HCC is a common and heterogeneous disease. Liver resection and transplantation are the only procedures associated with long-term survival and cure of the disease. Major liver resection is feasible in patients without cirrhosis or who have well-preserved liver function and future liver remnant of at least 25%. However, it is possible in fewer than 5% of patients. Liver transplantation is indicated in patients with a single nodule up to 5 cm in size or three nodules up to 3 cm in size each [1, 2]; though beyond Milan’s criteria, recommendations have also produced good results. For large HCC in patients without cirrhosis, resection is the only option for cure.
The limiting factor for major hepatectomy in large HCCs is inadequate FLR. There are several methods to increase the FLR to obviate the risk of post hepatectomy liver failure (PHLF), the most commonly practised being portal vein embolization (PVE) . The disadvantages of the procedure are mainly, inability to achieve adequate volume increase, delay of 4-6 weeks for the hypertrophy to occur and risk of progression of disease in this waiting period. Associating liver partition and portal vein ligation for staged hepatectomy (ALPPS) is a novel technique developed in Germany by Schnitzbauer et al. . It is a two-step procedure combining parenchymal division with deportalisation of the right lobe and segment-IV in the first stage followed by completion hepatectomy in the second stage after a short interval of 7-10 days once adequate hypertrophy of FLR is achieved. The advantage is rapid and increased hypertrophy thus overcoming the disadvantages associated with PVE. It is an aggressive surgical approach for tumours considered unresectable in a single stage and an accepted alternative for a large HCC. However, it should be used selectively for patients who are not candidates for PVE due to tumour invasion of the portal vein, or as a rescue therapy after failed PVE or ligation. It can also be used as an upfront procedure and preferred over PVE in selected patients with good performance status and good liver function with HCC in a non-cirrhotic liver as in our case. It has the advantage of achieving rapid liver hypertrophy and complete tumour resection within a short interval with less incidence of post operative liver failure.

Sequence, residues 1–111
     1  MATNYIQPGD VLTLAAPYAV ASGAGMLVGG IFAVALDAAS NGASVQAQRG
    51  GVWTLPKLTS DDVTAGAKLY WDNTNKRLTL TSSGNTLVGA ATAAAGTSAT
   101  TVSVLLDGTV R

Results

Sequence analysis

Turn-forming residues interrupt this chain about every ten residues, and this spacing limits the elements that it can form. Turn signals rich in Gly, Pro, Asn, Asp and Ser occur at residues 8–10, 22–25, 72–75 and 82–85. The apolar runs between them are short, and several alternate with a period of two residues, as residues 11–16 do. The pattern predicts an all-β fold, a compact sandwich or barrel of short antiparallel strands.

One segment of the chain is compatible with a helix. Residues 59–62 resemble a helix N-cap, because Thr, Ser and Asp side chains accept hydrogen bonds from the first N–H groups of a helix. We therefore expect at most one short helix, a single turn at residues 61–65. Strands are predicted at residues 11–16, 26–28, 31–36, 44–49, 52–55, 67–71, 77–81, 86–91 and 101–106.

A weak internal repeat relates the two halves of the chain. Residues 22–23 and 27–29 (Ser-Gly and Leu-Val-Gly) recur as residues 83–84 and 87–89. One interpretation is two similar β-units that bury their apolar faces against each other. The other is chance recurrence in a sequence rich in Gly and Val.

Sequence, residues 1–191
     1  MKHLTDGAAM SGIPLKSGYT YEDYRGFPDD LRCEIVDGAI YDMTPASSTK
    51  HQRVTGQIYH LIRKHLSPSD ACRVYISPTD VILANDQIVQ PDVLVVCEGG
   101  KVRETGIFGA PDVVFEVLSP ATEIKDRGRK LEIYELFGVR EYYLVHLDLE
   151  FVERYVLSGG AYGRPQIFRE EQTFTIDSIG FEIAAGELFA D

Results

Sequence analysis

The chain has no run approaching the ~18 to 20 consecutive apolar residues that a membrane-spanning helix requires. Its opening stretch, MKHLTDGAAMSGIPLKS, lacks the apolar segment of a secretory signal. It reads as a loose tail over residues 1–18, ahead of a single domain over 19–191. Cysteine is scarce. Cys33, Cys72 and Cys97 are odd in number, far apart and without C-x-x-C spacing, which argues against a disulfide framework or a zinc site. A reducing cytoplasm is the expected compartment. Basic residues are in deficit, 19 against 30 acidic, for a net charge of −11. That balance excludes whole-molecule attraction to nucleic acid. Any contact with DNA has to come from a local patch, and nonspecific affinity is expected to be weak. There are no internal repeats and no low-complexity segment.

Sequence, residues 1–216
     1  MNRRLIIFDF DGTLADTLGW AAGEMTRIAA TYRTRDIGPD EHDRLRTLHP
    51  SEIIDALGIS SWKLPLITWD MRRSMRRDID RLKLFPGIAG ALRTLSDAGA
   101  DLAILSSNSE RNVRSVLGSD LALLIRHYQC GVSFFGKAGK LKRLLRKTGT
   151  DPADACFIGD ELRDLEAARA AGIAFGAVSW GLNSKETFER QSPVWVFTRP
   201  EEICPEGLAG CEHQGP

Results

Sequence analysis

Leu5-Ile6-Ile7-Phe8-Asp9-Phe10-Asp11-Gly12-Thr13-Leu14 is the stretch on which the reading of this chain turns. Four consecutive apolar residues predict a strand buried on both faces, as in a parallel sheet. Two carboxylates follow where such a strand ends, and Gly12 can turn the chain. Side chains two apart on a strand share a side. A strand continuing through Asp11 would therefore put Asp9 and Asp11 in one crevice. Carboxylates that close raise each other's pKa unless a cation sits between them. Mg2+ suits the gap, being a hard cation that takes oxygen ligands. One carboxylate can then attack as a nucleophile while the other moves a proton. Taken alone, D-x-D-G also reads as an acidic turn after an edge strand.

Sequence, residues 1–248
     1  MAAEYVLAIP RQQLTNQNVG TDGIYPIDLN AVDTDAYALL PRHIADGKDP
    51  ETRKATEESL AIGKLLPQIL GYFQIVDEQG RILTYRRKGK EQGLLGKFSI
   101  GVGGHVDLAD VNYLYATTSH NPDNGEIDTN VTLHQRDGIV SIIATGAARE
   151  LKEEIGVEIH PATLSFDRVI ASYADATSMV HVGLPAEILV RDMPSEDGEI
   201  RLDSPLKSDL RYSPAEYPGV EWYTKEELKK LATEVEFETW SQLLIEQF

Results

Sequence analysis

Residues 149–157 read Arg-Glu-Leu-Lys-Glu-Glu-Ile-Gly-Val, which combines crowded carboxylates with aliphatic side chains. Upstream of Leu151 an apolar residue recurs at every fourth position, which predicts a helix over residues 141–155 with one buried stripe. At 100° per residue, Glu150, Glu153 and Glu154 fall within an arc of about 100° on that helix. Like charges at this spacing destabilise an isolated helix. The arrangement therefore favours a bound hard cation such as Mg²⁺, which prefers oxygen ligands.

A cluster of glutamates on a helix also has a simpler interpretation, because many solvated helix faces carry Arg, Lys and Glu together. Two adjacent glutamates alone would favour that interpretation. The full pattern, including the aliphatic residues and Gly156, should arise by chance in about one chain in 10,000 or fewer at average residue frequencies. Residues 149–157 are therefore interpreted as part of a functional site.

The increase in FLR volume has been reported to be between 23.8 and 200% (mean 84.16%) after an interval of 4-30 days (mean 11.6 days) between the two stages of ALPPS. In our case, there was a 14% increase in FLR after an interval of 8 days. The main drawback of ALPPS is the associated morbidity and mortality reported as 35% (range 22-90%) and 12% (range 0-28.7%) respectively [7, 8]. Increased incidence of recurrence (up to 20%) has been reported in the remnant liver, probably due to the aggressive biology of the tumour [7, 8]. However, recent results from the international ALPPS registry have shown a reduction in morbidity and mortality when performed at experienced centres. Giovanni et al. have shown that ALPPS can be performed safely in large HCC’s with acceptable overall survival and disease-free survival .